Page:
How long did it take to sell my debut novel from when I began writing fiction?

20+ years

Six novels

Three agents

What I learned:

1) To take heart from positive words embedded in rejections and believe the good things they said about my writing. Believe when they said ‘the work just wasn’t for them.’ To take their criticisms seriously and pay attention to ideas generously passed on. (Well, not the one that said, “she was so over domestic violence.)

2) To believe that writing, like any craft, requires honing, and not to beat myself up over unsold books. They weren’t wasted time—they were my education. I doubt Georgia O’Keefe sold her first paintings. Or Grandma Moses, who I feared I might pass in ‘firsts.’

3) To surround myself with supportive writer friends and take heart from their success (even when I felt green and evil.)

4) To learn when to fold them.

5) To know when to hold on.

6) To realize there is no such thing as a pre-met ‘dream agent’ anymore than there is a pre-met ‘dream husband.’ The dream agent is the one who loves your book—because s/he’ll make your dreams come true. You’ll know them when you find them.

I held on through years of rejection, chanting the old joke:

How do you get to Carnegie Hall?

Practice, practice, practice.

Getting my craft to match my passion and thoughts took many years. I would never have said it back then, at my personal ground zero, but I’m happy that it worked out as it did. The Murderer’s Daughters was the right book for me to debut with. Had I sold any previous novel, I don’t think I would have ended up feeling as right as I did.

I think, like with a partner, when you have the right material, there’s a magic click, and you fall in love—whether it takes six books or sixteen years on one book.

Since then, I’ve published three more novels (The Widow of Wall Street, The Comfort of Lies Accidents of Marriage) and am about to deliver my fifth to Simon & Schuster. Working with a dream agent and dream editors.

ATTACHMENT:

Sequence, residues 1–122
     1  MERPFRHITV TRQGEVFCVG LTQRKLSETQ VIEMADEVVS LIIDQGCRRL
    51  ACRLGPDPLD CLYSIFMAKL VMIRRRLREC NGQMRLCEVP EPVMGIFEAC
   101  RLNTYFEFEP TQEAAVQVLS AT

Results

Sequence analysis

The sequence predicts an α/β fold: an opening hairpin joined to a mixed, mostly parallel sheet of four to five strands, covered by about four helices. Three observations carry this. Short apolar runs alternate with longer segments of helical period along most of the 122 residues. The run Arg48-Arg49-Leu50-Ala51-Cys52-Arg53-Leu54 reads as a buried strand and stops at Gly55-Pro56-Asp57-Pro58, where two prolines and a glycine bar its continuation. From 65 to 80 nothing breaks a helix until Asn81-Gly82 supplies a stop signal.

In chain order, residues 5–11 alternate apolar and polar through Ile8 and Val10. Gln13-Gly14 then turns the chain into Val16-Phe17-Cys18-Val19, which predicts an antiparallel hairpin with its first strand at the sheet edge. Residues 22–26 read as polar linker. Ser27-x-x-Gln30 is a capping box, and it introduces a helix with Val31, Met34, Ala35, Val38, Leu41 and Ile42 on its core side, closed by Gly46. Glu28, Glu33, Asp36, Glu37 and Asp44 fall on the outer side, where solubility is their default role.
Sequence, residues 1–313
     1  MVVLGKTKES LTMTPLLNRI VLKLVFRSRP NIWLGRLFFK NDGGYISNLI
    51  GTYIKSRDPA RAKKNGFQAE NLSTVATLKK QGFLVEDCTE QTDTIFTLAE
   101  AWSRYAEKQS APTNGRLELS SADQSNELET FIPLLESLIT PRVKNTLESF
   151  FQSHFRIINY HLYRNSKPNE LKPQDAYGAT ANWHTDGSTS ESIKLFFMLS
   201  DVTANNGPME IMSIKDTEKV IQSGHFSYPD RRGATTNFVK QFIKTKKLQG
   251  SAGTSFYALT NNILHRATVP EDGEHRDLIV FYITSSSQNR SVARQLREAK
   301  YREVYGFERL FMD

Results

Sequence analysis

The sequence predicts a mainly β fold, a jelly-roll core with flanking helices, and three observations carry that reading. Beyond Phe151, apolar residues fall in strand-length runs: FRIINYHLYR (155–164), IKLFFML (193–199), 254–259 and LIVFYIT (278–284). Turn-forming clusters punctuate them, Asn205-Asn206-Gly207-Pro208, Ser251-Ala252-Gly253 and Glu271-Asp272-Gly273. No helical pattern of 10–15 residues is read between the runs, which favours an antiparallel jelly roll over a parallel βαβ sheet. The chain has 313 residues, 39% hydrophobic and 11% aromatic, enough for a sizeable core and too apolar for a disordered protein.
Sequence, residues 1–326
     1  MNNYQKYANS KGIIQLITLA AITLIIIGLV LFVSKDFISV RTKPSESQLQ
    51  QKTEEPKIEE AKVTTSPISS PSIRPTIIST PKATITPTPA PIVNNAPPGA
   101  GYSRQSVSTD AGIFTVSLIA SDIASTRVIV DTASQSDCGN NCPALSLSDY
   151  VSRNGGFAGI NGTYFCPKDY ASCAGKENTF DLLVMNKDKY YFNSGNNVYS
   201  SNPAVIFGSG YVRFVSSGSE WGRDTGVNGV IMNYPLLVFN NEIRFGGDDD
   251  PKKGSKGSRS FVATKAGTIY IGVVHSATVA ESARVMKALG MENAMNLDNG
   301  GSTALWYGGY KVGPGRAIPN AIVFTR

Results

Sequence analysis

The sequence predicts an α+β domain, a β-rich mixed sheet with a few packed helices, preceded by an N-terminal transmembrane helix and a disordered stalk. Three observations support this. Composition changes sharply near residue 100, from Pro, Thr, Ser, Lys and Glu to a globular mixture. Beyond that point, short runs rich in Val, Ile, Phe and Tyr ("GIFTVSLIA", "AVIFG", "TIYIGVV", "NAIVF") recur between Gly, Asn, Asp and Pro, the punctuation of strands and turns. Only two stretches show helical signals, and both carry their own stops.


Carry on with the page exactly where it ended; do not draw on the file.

Maybe that’s how long it takes. As long as it takes to feel the click, and have someone else agree.

Ya gotta have heart. A little brains. And a little talent.

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  1. Posted February 23, 2012 at 12:20 pm | Permalink

    Your blogpost is indeed inspiring. My story is somewhat similar, including a non-fiction book co-authored when I was in my early 20s. A career in journalism followed, and now I’m trying to break into fiction. It is taking longer than I would like, but I just have to keep going, as you did. Thanks.

  2. Posted December 7, 2017 at 1:10 pm | Permalink

    Randy, this is so helpful. Really makes the reality of writing and publishing clear. It’s not a predictable path, is it? And everyone’s path is different for sure. I’ve been writing fiction for years and been through the agent/publisher/indie/self-pubbed routines. I’m writing my 4th novel, 3 are out there, and lots of short stories published too. From my experience, one has to keep writing and polishing the skills, and keep submitting to editors to keep the fires burning. Thank you for this today.

    • Posted January 5, 2018 at 1:40 pm | Permalink

      Sorry for not seeing this earlier! You are so on the very right path–keeping on is the only way forward. (And enjoying the writing!)